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Cost-effectiveness of varenicline compared with nicotine patches for smoking cessation--results from four European countries.

  • Kristian Bolin
  • Koo Wilson
  • Hicham Benhaddi
  • Enrico de Nigris
  • Sophie Marbaix
  • Ann-Christin Mork
  • Henri-Jean Aubin
Publiceringsår: 2009
Språk: Engelska
Sidor: 650-654
Publikation/Tidskrift/Serie: European Journal of Public Health
Volym: 19
Nummer: 6
Dokumenttyp: Artikel i tidskrift
Förlag: Oxford University Press


BACKGROUND: The aim of this study was to evaluate and compare the cost-effectiveness of varenicline with nicotine replacement therapy (NRT) for smoking cessation in four European countries (Belgium, France, Sweden and the UK). METHODS: Markov simulations, using the Benefits of Smoking Cessation on Outcomes (BENESCO) model, were performed. We simulated the incidence of four smoking-related morbidities: lung cancer, chronic obstructive pulmonary disease, coronary heart disease and stroke. The model computes quality-adjusted life-years gained and incremental cost-effectiveness ratios. Incremental cost-utility ratios were calculated, adopting a lifetime perspective. Efficacy data were obtained from a randomized open-label trial: Week 52 continuous abstinence rates were 26.1% for varenicline and 20.3% for NRT. RESULTS: The analyses imply that for countries analysed, smoking cessation using varenicline versus NRT was associated with reduced smoking-related morbidity and mortality. The number of morbidities avoided, per 1000 smokers attempting to quit, ranged from 9.7 in Belgium to 6.5 in the UK. The number of quality-adjusted life-years gained, per 1000 smokers, was 23 (Belgium); 19.5 (France); 29.9 (Sweden); and 23.7 (UK). In all base-case simulations (except France), varenicline dominated (more effective and cost saving) NRT regarding costs per quality-adjusted life-year gained; for France the incremental cost-effectiveness ratio was 2803. CONCLUSION: This cost-effectiveness analysis demonstrated that since varenicline treatment was more effective, the result was increased healthcare cost savings in Belgium, Sweden and the UK. Our results suggest that funding varenicline as a smoking cessation aid is justifiable from a healthcare resource allocation perspective.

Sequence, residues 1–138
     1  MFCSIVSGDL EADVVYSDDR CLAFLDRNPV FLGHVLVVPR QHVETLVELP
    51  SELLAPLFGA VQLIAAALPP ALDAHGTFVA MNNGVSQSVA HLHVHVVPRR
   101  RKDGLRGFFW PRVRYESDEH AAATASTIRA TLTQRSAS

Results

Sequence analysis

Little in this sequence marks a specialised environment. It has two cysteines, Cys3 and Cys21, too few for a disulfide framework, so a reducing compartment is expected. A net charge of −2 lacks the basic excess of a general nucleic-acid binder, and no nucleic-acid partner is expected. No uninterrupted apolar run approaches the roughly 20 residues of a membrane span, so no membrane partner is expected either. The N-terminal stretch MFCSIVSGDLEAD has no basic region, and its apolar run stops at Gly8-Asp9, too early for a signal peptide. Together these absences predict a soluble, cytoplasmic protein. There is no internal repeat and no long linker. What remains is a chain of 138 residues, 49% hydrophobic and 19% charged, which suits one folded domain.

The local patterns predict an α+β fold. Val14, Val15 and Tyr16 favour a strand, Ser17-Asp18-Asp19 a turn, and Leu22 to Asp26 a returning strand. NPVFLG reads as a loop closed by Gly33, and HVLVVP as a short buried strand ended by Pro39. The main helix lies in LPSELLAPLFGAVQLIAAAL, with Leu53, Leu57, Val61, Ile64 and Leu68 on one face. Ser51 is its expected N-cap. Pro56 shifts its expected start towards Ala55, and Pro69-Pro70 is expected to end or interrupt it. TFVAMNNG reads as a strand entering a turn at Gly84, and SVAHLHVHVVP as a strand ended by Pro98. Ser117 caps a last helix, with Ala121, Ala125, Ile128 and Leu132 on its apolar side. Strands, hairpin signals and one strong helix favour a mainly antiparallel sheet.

• Public Health, Global Health, Social Medicine and Epidemiology
  • nicotine replacement therapy
  • cost-effectiveness
  • smoking cessation
  • varenicline


  • ISSN: 1101-1262

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